Wednesday, December 23, 2009


Sorry, I got so busy I didn't finish updating on the survey. Well, we finished data collection in 6 days, but the last day we finished early, so we were close to our 5-day target. We continued to have transport snafus - ended up having to buy fuel on the black market. But it all worked out in the end.

We drove back up from Nsanje on Saturday, with only one near-death experience, when the driver fell asleep and drove into the wrong lane, then nearly drove us over the side of the ride and into a ditch before my screaming woke him up. Then I irritated him the rest of the trip to make sure he didn't do it again. Seriously, it was scary. There could have been a car coming the other way, or people walking by the side of the road. We were very lucky.

Unfortunately, the government staff who came in to help us with data entry took veeerrryyy long lunches, and only got a little bit done, so I spent my weekend doing data entry. But it is now done, and I am moving on to cleaning and analyzing the data!! Yay!!!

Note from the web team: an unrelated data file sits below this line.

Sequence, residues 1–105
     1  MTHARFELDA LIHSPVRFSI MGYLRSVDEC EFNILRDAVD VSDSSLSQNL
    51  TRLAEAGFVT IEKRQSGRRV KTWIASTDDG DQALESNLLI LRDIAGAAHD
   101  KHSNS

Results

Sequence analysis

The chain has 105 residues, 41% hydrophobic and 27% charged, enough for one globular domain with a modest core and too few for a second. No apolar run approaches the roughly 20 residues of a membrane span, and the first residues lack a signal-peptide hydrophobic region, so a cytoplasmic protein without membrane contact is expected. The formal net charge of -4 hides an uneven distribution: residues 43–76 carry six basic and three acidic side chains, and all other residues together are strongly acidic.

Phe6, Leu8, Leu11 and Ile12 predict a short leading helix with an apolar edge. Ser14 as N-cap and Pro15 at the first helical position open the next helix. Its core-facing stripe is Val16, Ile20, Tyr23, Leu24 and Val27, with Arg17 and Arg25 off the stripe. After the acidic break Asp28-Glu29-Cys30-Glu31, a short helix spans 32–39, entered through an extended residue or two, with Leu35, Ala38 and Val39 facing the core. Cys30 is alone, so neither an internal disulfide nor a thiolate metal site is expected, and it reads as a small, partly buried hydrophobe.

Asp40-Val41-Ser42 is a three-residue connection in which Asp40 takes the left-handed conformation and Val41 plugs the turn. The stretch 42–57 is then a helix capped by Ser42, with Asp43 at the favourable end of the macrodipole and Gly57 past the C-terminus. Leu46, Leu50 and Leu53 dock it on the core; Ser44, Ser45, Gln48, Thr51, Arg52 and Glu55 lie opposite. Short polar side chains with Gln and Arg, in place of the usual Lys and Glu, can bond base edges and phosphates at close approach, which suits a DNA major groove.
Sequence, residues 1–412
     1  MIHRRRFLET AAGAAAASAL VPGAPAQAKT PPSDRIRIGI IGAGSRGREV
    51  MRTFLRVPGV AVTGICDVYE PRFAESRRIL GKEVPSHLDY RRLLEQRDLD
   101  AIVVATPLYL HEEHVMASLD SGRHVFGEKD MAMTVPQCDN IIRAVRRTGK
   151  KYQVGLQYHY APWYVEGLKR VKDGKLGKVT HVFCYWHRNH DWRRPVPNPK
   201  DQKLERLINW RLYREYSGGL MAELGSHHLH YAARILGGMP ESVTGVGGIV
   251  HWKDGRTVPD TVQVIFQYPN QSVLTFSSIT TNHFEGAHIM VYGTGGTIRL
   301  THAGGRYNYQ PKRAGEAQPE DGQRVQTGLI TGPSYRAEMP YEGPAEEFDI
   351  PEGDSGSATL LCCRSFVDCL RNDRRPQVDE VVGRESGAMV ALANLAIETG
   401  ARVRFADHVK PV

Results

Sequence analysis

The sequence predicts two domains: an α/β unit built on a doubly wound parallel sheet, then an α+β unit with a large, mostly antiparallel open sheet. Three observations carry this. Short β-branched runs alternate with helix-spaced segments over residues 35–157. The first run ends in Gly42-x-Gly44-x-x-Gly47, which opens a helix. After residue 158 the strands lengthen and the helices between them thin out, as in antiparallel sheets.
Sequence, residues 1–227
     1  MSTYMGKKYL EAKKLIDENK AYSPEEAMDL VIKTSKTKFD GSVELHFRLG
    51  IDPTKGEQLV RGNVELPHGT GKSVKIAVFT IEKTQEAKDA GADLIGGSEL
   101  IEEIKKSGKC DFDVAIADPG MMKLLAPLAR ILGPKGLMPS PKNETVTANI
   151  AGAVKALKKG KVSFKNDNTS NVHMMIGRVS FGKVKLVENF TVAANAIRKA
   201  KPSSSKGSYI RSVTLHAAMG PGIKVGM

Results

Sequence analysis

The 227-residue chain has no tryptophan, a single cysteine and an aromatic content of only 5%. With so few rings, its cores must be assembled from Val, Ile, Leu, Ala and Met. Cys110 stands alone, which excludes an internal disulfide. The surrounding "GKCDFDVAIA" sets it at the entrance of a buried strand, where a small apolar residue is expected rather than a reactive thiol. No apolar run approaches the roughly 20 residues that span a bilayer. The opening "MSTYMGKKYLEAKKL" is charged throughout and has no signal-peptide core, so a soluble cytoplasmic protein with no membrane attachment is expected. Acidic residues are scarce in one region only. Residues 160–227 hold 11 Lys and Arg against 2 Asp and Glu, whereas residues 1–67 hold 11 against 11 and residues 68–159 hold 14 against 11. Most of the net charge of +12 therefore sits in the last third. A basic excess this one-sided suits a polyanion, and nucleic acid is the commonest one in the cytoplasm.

I am the biggest geek. I get excited about data analysis. I really do.

Jorge has asked me not to *try* not to work this weekend, though, so I will do my best. There are a lot of things that need to get done around the house anyway, so I guess I can divert my busybody energy. I look at myself lately and wonder what happened to the lazy little slob I used to be. It's like Jorge and I switched bodies, and now I am the one who can't stand a messy house and who works all the time.

Ah well, I hear a little boy waking up who wants his breakfast, then it's off to work.

Thursday, December 17, 2009

Day 5

I can't believe it, but I think everything is going to work out.

My husband would say "of course it will work out!" but he has a lot more faith in me than I do.

So it's been an extremely challenging week, but it looks like, act of God notwithstanding, we will finish data collection tomorrow and be on our way home Saturday.

It was a little touch and go yesterday, when I got a call from one of our teams, at 8 o'clock at night, saying they were stuck in the mountains, the four-wheel drive wasn't working, and could we send a car to tow them out.

Oh, and they were three hours away, on the Mozambique border.

Unfortunately for them, we have a pretty strict policy about taking cars out after dark, so we told them they would have to go to the nearest village and try to find a place to stay. I was super stressed, because sending a car to tow them out the next day was going to set us back a full day of data collection.